So how is the appellation bearing up, given the crisis in French viticulture? ‘The category has managed the situation well but the growers are feeling the pinch,’ states Vironneau. Stocks held at properties had risen to just under a year’s production prior to the 2003 vintage, indicating a slowdown in sales. On the positive side, however, volume prices for Bordeaux Supérieur have reached the same level as those for the Côtes, selling at E900–E1,300 a tonneau (900 litres) for the 2002 vintage, a clear margin ahead of AC Bordeaux at E800–E1,067 a tonneau. The better châteaux also report a regular demand for their wines.
What is it that the better properties are doing right? In some instances, new ownership and massive investment have reaped relatively quick rewards. Both Château de Seguin in the late 1980s and Château de Reignac since 1990 have undoubtedly benefitted from their acquisition by, respectively, Danish company Chris-Wine and businessman Yves Vatelot. The consequent injection of capital has led to improved technical and marketing know-how.
In all instances, though, good vineyard management, including identification of the best parcels of land, has been a key factor, leading to greater ripeness and more fruit-friendly wines.
The story of Patrick Carteyron at Château Penin illustrates the evolution of a modest but successful domaine. In 1982, after studying for a degree in oenology, Carteyron took over the 13ha family property. At the time, half the production was vinified by the local cooperative and half at Penin, in old wooden and cement vats. His first job was to repair and insulate the cellar roof and find the means to invest in up-to-date equipment such as new presses, filters, and harvesters. This he did through a system of shared ownership.
By 1990 he’d re-equipped, built a temperature-controlled cellar and come out of the cooperative system. ‘The difference in quality from 1982 to 1990 was all down to oenology and having a proper cellar and equipment,’ explains Carteyron. He’d also started travelling and prospecting for markets in Belgium and Germany – a rarity at the time – and made contacts in the US. Exports now account for 60% of sales, with the rest coming from a mix of French restaurants, independent wine merchants and direct sales.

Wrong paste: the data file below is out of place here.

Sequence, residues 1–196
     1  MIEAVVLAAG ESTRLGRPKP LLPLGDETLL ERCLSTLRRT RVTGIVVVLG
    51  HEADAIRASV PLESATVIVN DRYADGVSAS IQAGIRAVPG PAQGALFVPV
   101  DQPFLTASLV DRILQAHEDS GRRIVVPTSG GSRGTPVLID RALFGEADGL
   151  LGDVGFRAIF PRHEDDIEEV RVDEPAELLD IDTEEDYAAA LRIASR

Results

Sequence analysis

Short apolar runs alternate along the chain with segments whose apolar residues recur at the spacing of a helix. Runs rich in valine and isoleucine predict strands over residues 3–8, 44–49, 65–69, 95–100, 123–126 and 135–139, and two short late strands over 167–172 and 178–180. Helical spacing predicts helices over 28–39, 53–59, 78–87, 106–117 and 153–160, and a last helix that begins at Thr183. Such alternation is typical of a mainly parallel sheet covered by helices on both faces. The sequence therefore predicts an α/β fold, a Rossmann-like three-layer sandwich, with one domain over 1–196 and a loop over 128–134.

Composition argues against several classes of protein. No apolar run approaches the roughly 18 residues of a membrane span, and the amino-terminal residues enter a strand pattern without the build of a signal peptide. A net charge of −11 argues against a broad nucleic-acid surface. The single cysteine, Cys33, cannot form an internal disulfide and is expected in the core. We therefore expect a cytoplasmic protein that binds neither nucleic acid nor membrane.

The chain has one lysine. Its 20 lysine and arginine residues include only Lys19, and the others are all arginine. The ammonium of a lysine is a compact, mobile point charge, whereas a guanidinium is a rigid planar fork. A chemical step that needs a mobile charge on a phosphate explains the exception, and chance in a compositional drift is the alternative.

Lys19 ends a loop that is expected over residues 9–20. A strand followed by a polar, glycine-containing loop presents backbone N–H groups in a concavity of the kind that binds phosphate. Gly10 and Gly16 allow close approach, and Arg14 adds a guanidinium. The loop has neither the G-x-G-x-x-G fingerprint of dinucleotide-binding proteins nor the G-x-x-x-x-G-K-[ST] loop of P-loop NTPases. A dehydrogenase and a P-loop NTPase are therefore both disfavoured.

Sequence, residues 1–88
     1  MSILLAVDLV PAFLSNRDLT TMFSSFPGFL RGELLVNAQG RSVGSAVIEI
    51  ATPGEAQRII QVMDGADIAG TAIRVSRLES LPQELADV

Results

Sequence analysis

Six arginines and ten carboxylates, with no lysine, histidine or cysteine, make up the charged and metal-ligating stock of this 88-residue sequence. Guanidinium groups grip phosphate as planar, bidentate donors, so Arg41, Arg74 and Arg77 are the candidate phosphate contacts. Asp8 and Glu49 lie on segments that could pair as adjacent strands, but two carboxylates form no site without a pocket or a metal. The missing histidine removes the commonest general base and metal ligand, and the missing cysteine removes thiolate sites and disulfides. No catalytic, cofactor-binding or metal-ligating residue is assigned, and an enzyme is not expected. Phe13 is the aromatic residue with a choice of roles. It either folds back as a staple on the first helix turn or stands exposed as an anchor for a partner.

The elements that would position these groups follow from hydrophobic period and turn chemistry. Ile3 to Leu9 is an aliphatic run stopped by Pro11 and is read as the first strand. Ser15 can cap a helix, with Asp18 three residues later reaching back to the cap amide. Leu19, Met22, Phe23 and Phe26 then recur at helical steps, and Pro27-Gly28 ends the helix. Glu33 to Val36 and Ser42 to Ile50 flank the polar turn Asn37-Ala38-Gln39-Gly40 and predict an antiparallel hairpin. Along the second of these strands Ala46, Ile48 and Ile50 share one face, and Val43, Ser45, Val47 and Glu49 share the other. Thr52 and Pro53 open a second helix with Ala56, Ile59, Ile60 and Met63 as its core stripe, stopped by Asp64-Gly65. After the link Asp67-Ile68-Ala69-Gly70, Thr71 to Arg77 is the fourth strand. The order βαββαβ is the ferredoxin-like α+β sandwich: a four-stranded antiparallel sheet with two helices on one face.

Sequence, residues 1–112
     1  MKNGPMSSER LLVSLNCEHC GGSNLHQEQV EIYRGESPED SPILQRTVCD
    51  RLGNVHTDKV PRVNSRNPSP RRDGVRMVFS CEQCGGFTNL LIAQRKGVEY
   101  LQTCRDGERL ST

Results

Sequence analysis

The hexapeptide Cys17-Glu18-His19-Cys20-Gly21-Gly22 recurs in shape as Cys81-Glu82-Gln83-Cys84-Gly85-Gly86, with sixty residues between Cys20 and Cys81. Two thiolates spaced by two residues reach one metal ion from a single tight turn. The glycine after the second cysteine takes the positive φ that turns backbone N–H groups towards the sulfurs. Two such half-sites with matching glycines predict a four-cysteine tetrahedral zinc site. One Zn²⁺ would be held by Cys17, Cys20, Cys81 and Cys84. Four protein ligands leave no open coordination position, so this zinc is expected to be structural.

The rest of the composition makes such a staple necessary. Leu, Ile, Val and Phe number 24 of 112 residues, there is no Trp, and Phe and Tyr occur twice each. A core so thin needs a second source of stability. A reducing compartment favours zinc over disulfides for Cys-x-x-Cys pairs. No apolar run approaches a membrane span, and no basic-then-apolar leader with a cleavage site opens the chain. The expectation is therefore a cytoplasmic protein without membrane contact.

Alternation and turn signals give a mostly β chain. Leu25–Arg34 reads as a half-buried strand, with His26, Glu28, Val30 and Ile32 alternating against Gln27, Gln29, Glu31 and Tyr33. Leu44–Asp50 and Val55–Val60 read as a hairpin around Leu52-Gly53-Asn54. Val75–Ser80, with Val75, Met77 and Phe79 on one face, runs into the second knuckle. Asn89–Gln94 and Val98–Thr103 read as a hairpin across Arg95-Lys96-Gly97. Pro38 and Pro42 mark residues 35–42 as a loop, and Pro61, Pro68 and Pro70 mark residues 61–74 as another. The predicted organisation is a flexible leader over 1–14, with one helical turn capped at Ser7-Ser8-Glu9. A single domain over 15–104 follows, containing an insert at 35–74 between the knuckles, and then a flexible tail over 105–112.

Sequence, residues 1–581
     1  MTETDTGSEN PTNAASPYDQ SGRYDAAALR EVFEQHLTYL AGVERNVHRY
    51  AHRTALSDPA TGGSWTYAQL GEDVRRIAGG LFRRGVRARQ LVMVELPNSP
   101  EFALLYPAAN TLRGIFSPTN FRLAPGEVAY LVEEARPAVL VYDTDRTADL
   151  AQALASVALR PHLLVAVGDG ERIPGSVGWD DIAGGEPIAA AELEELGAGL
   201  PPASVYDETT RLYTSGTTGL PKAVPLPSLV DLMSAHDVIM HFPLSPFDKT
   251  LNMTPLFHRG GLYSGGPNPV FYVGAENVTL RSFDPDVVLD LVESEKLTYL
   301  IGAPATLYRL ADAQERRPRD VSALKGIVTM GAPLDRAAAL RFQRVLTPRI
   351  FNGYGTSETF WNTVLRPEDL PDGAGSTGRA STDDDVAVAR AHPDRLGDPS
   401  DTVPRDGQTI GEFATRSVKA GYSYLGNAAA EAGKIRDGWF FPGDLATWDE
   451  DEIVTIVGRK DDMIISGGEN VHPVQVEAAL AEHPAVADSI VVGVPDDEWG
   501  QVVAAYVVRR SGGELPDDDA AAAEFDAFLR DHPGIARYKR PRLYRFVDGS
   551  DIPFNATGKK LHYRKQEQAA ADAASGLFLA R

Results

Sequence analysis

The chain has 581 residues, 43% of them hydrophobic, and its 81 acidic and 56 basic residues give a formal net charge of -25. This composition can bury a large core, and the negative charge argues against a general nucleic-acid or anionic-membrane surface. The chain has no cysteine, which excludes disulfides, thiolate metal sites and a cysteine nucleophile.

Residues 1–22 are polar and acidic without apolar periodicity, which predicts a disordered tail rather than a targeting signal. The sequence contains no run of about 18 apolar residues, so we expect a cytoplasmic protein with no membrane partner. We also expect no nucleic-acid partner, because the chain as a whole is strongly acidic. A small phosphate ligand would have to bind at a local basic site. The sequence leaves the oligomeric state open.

Development since 1990 has centred around the vineyard, now expanded to 40ha. Fertilisers have been ditched and grass cover introduced to curb vigour in the vines, while leaf plucking and green harvesting have become regular practices. Planting densities in the vineyard have gradually increased from 3,300 to 5,000 vines/ha as parcels have been replanted.
Above all, analysis of the gravelly-clay soils has given the team at Château Penin a better understanding of its terroir. ‘We now know which parcels are best for rosé and claret and which are suited for the different cuvées of Bordeaux Supérieur,’ says Carteyron. ‘We’re also able to keep yields more constant.’
The final factor is that Carteyron has understood the need to reply to the demands of the consumer for supple, drinkable wines. ‘Bordeaux Supérieur must be richer than generic Bordeaux and more elegant. It’s not a question of toughness of tannin as some people think,’ he says.
As an appellation Bordeaux Supérieur really is an open book or as Alain Vironneau says ‘a state of mind’. The rules remain open-ended to allow flexibility in the economic climate that reigns and look unlikely to change. Those that have taken the qualitative step seriously are worth searching out and deserve recognition. The rest are destined to tread a more anonymous and difficult road.
James Lawther MW is a Decanter contributing editor.